5 simple steps to reduce your data usage

Sometimes it can be a bit of a challenge to stick to the parameters put in place by a data-based subscription. 

This guide will give you five handy pointers to help you to control what data gets used and when.

1. Consider Big Updates

Big updates mean big data consumption. Buying downloadable video games, starting up new devices like PCs, or just saving up your updates for a long time can fall into this category.

Consider what you need them for, and your allotted monthly data limits.

Do you need to do update all your devices in a single monthly billing cycle?
Are your updates set to automatic, or have you maintained control over when they happen?

2. Be aware of Streaming to your Chromecast

Depending on your setup, it's possible to stream to your Chromecast device without your television being on. If this is the case with you, forgetting to stop a stream can have serious consequences on your data use. You could be waving bye bye to your monthly allotment without even seeing it.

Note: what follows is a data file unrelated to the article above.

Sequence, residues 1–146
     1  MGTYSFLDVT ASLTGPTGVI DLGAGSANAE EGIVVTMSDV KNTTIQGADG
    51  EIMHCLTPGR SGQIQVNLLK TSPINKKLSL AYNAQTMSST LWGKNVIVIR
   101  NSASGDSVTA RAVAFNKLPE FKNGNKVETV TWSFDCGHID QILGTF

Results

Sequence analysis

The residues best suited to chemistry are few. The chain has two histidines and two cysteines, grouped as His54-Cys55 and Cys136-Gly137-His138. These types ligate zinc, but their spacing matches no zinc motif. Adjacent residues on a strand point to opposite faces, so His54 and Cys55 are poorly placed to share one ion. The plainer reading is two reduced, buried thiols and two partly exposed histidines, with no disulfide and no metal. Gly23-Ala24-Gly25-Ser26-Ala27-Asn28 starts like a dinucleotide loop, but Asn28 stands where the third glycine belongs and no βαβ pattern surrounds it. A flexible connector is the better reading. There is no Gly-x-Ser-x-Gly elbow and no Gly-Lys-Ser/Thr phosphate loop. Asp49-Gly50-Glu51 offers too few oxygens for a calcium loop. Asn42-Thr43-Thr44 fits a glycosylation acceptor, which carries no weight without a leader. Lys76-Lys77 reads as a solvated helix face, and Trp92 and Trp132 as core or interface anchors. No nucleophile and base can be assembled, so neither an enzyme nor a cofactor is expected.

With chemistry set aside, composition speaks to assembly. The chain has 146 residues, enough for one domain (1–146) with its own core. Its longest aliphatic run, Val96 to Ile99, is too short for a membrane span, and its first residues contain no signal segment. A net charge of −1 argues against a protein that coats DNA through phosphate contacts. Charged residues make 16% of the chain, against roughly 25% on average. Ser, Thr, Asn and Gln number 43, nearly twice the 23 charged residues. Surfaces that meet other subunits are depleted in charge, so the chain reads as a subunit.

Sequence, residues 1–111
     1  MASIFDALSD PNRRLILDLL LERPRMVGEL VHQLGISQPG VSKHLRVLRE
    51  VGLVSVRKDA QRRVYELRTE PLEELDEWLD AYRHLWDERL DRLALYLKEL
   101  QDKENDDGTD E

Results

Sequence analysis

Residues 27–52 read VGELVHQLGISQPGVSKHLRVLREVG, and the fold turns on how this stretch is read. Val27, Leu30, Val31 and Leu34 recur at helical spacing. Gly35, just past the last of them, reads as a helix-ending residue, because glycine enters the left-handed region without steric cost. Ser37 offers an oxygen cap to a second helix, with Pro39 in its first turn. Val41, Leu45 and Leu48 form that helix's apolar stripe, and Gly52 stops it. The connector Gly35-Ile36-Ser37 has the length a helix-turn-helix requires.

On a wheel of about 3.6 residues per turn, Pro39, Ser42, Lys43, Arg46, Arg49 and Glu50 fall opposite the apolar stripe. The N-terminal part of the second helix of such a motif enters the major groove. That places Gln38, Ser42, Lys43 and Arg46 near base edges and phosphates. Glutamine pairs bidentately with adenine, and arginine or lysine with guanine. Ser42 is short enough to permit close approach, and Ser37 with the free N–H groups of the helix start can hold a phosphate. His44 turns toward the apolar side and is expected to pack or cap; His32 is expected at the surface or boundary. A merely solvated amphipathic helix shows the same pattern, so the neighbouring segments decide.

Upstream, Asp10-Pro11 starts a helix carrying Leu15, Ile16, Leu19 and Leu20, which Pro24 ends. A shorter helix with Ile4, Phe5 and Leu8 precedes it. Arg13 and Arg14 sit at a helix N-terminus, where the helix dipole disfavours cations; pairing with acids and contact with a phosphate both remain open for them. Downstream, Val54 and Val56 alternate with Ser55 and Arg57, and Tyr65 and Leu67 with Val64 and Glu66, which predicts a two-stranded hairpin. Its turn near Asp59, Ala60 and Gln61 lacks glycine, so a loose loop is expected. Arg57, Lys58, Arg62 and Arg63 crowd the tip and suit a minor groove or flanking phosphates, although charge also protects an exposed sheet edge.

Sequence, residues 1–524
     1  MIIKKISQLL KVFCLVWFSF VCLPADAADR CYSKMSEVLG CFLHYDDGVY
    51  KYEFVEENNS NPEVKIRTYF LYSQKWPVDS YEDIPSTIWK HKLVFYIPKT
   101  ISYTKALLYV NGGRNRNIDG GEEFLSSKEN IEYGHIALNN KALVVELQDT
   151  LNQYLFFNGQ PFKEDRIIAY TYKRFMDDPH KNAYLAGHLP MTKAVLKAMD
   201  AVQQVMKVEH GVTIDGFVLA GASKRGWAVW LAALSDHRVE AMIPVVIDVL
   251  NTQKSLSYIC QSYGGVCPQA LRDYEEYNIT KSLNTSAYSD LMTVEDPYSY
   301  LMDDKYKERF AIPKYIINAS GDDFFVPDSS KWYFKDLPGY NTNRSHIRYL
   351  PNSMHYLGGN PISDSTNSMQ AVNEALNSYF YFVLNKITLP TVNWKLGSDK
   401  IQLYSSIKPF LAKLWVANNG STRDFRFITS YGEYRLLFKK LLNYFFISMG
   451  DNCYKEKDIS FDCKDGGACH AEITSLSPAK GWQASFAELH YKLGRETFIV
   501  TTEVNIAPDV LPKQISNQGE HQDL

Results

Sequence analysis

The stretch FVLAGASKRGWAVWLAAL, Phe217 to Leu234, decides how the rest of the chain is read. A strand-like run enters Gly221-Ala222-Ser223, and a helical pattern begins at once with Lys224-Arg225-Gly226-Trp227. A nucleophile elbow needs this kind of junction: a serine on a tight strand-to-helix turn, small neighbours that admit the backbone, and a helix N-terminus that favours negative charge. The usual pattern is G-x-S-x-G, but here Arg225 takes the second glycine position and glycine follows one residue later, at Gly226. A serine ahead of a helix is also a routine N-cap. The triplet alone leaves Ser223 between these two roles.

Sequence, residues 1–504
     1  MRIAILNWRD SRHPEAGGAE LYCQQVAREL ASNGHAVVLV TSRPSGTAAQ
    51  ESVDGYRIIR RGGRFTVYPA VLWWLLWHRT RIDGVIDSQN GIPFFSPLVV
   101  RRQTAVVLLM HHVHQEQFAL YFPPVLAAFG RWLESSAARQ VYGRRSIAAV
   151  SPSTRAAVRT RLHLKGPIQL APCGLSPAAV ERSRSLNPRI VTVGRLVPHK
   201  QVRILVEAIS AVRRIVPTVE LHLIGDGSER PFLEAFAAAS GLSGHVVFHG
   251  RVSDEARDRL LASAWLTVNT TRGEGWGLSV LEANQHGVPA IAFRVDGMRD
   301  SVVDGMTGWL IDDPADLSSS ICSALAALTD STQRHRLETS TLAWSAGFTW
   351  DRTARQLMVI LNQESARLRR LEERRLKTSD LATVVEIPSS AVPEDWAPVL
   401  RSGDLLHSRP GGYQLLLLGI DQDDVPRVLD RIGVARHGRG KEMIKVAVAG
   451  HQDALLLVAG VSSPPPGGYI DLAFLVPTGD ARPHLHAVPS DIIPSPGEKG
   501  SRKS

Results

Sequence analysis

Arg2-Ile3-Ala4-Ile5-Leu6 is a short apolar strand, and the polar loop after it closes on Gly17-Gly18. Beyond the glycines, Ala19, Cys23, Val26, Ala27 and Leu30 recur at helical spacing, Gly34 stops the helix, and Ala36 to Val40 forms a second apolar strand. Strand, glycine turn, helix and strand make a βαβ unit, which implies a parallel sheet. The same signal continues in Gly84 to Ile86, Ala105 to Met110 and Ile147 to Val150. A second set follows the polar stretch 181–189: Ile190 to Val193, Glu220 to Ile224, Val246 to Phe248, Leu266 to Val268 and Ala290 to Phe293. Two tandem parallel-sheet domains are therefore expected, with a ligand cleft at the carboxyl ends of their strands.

The good news? You can see on your connected devices (like a mobile phone) when networked devices are streaming, and you can turn off the Chromecast using Google Home voice commands. It's as simple as, "Hey Google, stop streaming to the TV"

If you're feeling bold and experimental, then the app IFTTT can be used to automatically turn the Chromecast off depending on the time of day, or with some other trigger such as your phone leaving the proximity of your home. See www.ifttt.com for details.

3. Netflix / other video subscription data quality

Imagine this: you're burning through your data each month because the kids are watching too much Netflix at full HD 4k quality. What a waste!

Did you know that video streaming apps have controls for video quality? Drop their quality to 480p instead of 4k (4000p). That's about 8.4 times less data use you've used without even blinking.

4. Use audio streaming over video streaming

A number of our clients use Youtube for music purposes. 

If you can use an audio-only app, such as Spotify or Youtube Red instead, you'll save exponentially more data with the same, if not better audio quality.

5. Use your Google WiFi to control who uses your data

The Google WiFi application has a number of useful tools for controlling data - you can have multiple logins with different controls, prioritise devices' data use, and even use it as a killswitch to cut use altogether.



Nathan Smith
Author for Switchnode